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One of the most common blogging mistakes when it comes to corporate and business blogs is being opportunistic.

Just earlier today I have been interviewed by one of the largest German radio stations. I haven’t been interviewed as an SEO specialist or SEO blogger though.  I work from Germany and I also blog in German but not about SEO. One of my blogs I have created in the past for clients and still write for is called zeitgeist. As the name already suggests to some extent the blog deals with trends, design, gadgets and the likes.

So I have been interviewed as a blogger of a client blog.

The topic of the interview was Apple, or rather its changing image from the cool outsider to the scary huge moloch. I’ve been critical of Apple for years, like I sometimes also am of Google on my SEO blog. Almost everybody else has been hyping Apple products parroting their ads.

I didn’t like the Apple hype so I started looking behind the curtain of corporate PR and I’ve found things I didn’t like, lots of them. Back then most people didn’t want to read that. Nonetheless I took a stand and over time I’ve become one of the few if not the only blogger really critical of Apple in Germany.

Most other bloggers have been opportunistic, they were just writing what everybody else already did

and what Apple announced itself. The iPhone, iPad or whatever are “magic”, “revolutionary” etc. Their business model was sometimes simply to sell Apple products but mine wasn’t.

The blog I’m talking about is a blog for a price or shopping comparison engine. Or rather it’s less engine it’s more a place where the people are meant to review products. So It’s also a review site. The blog wasn’t really about the ad revenue so I didn’t care. My client knew that I was a real blogger and they let me write what I wanted. 

Do you think I’m really controversial or something? Well, I’m not. I just take a stand and I don’t follow every hype. When I started blogging in 2003 most bloggers were like that. They were very critical and didn’t have to abide by corporate rules or business logic. These days most blogs have to earn money in some way and thus the posts they publish are often shallow, “salesy” or feigning objectivity.

Business bloggers are afraid to get sued, to scare off advertisers or readers.

Or they just hype stuff they sell themselves so they can’t criticize it. Corporate and business blogs do not have to be dull, boring and opportunistic though. Businesses often have whole teams of lawyers. So while bloggers who had no money were not afraid to say what has to be said business bloggers backed by professionals are? Isn’t it a paradox?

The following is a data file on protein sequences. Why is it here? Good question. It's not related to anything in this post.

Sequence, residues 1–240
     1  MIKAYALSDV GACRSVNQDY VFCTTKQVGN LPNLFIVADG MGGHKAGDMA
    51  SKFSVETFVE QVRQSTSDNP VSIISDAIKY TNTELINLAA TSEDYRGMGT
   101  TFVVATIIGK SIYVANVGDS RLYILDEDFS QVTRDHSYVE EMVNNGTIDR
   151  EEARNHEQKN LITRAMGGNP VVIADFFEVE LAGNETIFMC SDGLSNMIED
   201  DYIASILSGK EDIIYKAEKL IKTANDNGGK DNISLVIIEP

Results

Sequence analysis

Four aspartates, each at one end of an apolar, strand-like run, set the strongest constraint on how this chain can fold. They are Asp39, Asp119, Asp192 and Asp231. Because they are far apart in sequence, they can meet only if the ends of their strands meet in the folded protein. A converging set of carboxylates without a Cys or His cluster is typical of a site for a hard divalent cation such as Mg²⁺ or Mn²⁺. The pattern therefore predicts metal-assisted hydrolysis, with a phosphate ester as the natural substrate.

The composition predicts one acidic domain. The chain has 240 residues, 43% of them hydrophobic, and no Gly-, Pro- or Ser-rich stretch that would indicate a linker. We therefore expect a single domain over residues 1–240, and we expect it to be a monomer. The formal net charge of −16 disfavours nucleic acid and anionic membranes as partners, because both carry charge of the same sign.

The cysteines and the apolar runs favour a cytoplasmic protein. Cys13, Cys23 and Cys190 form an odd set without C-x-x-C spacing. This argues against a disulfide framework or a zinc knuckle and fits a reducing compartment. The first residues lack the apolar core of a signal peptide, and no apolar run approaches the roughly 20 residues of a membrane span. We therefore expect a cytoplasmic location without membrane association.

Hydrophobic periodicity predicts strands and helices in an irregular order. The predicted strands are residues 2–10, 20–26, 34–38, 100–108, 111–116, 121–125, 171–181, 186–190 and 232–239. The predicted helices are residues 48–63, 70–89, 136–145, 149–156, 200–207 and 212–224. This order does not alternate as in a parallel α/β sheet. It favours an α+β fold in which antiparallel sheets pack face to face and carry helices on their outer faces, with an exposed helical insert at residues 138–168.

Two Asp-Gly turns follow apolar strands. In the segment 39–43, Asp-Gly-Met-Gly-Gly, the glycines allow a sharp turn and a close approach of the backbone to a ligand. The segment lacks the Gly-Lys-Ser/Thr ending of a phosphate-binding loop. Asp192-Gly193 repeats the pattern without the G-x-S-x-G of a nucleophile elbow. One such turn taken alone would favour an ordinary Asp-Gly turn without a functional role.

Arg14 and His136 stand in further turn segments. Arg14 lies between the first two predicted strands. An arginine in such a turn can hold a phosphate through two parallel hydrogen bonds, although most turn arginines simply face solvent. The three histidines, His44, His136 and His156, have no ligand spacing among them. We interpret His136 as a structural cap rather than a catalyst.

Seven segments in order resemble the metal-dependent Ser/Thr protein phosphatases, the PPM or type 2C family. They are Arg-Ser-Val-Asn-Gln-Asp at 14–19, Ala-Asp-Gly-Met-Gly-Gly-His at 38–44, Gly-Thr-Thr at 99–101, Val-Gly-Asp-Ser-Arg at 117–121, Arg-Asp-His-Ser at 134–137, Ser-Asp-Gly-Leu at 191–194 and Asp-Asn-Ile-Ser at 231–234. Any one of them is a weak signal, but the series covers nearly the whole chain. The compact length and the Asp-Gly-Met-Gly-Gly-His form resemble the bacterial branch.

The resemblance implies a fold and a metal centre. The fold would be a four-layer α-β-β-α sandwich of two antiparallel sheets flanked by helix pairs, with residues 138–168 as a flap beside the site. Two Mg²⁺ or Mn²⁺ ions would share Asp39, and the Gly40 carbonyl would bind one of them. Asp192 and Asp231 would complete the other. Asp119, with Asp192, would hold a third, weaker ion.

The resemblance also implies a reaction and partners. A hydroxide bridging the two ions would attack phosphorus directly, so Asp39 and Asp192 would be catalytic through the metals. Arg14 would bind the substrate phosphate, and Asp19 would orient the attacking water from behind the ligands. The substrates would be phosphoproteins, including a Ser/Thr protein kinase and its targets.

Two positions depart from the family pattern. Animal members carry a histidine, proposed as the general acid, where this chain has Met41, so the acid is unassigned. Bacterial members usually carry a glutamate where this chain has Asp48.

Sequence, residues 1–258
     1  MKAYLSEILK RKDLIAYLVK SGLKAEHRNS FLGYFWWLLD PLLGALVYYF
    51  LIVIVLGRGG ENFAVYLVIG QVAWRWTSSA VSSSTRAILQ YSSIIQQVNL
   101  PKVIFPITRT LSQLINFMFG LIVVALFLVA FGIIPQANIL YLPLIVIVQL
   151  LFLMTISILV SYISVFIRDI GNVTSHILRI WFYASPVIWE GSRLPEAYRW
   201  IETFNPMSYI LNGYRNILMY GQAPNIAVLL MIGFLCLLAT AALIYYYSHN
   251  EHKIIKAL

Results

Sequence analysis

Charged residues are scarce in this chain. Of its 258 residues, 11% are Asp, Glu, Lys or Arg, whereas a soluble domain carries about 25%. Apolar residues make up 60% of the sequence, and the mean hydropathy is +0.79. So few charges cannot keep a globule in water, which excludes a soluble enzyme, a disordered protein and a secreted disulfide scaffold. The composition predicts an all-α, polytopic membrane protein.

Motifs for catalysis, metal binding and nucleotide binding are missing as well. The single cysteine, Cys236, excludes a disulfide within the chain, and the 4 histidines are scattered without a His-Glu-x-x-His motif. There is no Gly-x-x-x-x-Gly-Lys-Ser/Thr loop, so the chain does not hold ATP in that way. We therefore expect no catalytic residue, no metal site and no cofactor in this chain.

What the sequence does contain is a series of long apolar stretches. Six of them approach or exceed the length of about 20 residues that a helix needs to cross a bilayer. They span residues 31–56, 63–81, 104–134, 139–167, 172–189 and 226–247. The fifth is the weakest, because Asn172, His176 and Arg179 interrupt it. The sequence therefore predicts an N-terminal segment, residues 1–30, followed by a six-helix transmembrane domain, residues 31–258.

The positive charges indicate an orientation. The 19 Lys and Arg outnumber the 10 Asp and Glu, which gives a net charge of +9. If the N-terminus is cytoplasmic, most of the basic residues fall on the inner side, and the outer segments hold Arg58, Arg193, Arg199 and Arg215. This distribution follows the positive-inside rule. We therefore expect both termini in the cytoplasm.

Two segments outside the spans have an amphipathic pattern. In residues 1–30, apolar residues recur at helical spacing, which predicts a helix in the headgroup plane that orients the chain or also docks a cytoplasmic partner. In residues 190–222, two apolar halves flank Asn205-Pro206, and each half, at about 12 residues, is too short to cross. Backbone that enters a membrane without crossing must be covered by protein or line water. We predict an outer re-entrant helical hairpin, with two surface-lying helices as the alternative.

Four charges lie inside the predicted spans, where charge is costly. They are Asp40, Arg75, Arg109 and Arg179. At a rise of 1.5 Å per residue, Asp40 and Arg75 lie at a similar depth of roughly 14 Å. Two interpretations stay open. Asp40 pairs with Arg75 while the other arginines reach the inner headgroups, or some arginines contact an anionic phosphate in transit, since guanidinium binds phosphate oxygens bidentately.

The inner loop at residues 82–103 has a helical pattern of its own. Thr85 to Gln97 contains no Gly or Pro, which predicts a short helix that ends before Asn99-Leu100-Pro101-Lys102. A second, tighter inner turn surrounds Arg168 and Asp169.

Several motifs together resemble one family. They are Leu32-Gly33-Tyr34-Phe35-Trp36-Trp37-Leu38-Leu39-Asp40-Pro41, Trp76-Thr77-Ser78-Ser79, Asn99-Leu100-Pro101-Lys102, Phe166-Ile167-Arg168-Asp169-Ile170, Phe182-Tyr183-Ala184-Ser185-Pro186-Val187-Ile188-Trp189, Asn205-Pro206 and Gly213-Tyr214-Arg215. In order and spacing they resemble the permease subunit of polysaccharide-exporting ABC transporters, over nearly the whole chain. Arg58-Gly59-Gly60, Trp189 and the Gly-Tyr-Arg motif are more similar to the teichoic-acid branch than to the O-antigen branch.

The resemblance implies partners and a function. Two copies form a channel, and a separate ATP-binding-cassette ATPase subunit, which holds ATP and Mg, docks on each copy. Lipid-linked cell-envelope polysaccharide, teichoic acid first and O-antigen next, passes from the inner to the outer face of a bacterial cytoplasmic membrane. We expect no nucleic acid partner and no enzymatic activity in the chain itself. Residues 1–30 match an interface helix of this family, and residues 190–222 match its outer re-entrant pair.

There are hundreds of bloggers who write about Apple but they interviewed me because I expressed my honest opinion and didn’t just regurgitate PR. So of all the hundreds of bloggers they chose me for the interview. Also Apple is by far not the only topic I write about. Other blogs deal with Apple only.

Journalists have to at least appear objective while they are not.

Most publications are obviously biased, just think Fox News or CNN and compare them to the BBC and Al Jazeera. Everybody has an agenda. Also most journalism today is about republishing from the major news agencies like

  • Reuters
  • AFP
  • DPA.

In contrast bloggers are by definition subjective and may err. You don’t blog public relations messages or press releases in corporate newspeak. A real person has to blog. A real person has real feelings, preferences and even prejudices. All of these make the blogger trustworthy.

The reader knows the blogger’s limitations and how to read the particular blog.

Readers don’t want more of the same they read everywhere. They want a recognizable voice, they want honest opinions, they want a personal view on things. This is what blogging is about. Business and especially corporate bloggers tend to forget that. Such blogs often fail. The real authentic blogs on the other hand get called up when a national radio station needs an expert to talk to.

How to take a stand when blogging for business?

  1. Express yourself and your opinion saying “I don’t like x”, “I prefer y”.
  2. Cite other, sometimes less known sources “x reports about issues with y”
  3. Be honest about your bias “I’ve never been a fan of x”
  4. Point out that you represent your own opinion not the company you work for’, say “I” not “we”.
  5. Stay true to yourself and when you change your mind say it
  6. Don’t follow every hype just to get a few more ad dollars or followers
  7. Accept that not every reader has to agree with you
  8. Be respectful nonetheless, don’t attack people for no reason
  9. When there is a reason, you have the right to be angry (the iPhone suicides are one)
  10. Don’t dwell on the positive aspects only, you’re describing not advertising

In the long run intelligent people choose the honest blogs over the shallow ones. When I look at the most popular blogs these days even though they are part of huge media companies by now I still recognize outspoken or controversial individuals behind them. I don’t even like many of them but I even know their names:

  • Ariana Huffington
  • Pete Cashmore
  • Michael Arrington
  • Om Malik
  • Cory Doctorow

So as a blogger you have to find your voice and make the people out there on the Internet recognize it. I’m still learning how to do it. Now that I write for three SEO blogs I have to manage to stay myself while having a both recognizable and unique voice on each one of them.

* CC image by Trey Ratcliff